New Study Shows Best Way to Prevent Injuries is to Cross the River to Illinois

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When it comes to preventing serious injury, Illinois is an infinitely safer state to be in than Missouri, at least according to a new report released this morning by the Trust for America's Health and the Robert Wood Johnson Foundation.

The report, entitled The Facts Hurt: A State-By-State Injury Prevention Policy Report, ranks the 50 states, plus Washington, DC, in terms of their injury-prevention policies, which include such measures as seatbelt laws, helmet laws, restrictions against drunk driving and regulations to prevent "intimate partner violence" (by which they mean people in romantic relationships who don't necessarily live together). Unlike a lot of those state ranking thingies, this report is based on several years of actual research.

And so we learn that Missouri has the 16th highest rate of injury deaths in the country with an average of 70.2 injury-related deaths per 100,000 people from 2007-2009. That costs Missouri insurance payers $38.4 million, and the state loses $4 billion due to lost lives. Illinois was 45th with 48.7 deaths per 100,000, at a cost to $60.6 million to insurers and $6.2 billion because of lost workers. The national average is 57.9 deaths per 100,000.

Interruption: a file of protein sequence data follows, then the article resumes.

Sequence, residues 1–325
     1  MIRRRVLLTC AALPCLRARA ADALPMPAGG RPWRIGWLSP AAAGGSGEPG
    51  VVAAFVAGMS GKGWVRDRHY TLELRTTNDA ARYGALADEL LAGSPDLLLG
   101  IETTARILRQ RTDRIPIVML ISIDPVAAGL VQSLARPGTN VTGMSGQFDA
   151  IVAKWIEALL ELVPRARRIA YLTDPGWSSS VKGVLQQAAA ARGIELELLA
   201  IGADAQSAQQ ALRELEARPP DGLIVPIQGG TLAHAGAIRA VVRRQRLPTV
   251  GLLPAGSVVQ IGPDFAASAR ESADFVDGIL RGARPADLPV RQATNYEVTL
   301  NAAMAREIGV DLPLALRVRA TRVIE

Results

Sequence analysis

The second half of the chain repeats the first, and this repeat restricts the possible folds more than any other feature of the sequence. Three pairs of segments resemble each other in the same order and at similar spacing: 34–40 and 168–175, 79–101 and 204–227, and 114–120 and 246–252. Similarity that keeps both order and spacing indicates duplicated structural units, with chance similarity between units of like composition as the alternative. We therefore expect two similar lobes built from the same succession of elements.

(In case you're wondering, the safest state -- well, in terms of injury-related deaths -- is New Jersey. The least safe is New Mexico.)

For children -- which, for the purposes of this survey, is anyone 19 or younger -- Missouri ranks tenth for injury-related deaths, with 27.6 per 100,000. Illinois comes in at 33 with 17.4; the national average is 18.37.

In terms of establishing laws to prevent more injury-related deaths, Missouri landed in the bottom half of the survey. While there are laws that require people to use motorcycle helmets and car booster seats and hospitals to use medical codes to track injuries of ER patients, and while there are measures in place to prevent concussions and allow people in abusive relationships to get protection orders, in other ways the state is lacking.

There are no primary seat belt laws, no mandatory ignition interlocks for convicted drunk drivers, no bicycle helmet laws for kids and no prescription drug monitoring program (though legislation for this is pending). Also, while adults in abusive relationships can get restraining orders, teenagers cannot; for teens, Missouri has among the worst preventative measures in the entire country.

(NB: An ignition interlock is a little Breathalyzer connected to your car's ignition. If the machine determines you have a too-high blood alcohol level, the car won't start.)

Illinois, by contrast, among the criteria set up by the report, only lacks for helmet laws (both motorcycle and bicycle) and hospital coding.

The report, though long and sort of wonky, makes for interesting reading, particularly when you consider how much injury-prevention laws vary across the country and how much these laws -- much as we sometimes mock them -- actually do save people's lives. In California, for instance, the number of traffic deaths dropped by 22 percent in the two years after the state instituted a ban on talking on hand-held cell phones while driving. Also in California in 2011, more the 460,000 people were convicted of violating that ban. Old habits die hard.

And no, Missouri is not among the 10 states where it's illegal to talk on a hand-held phone. Nor is it among the 37 states where it's illegal to text and drive. Insert your own comment about Missouri drivers here.

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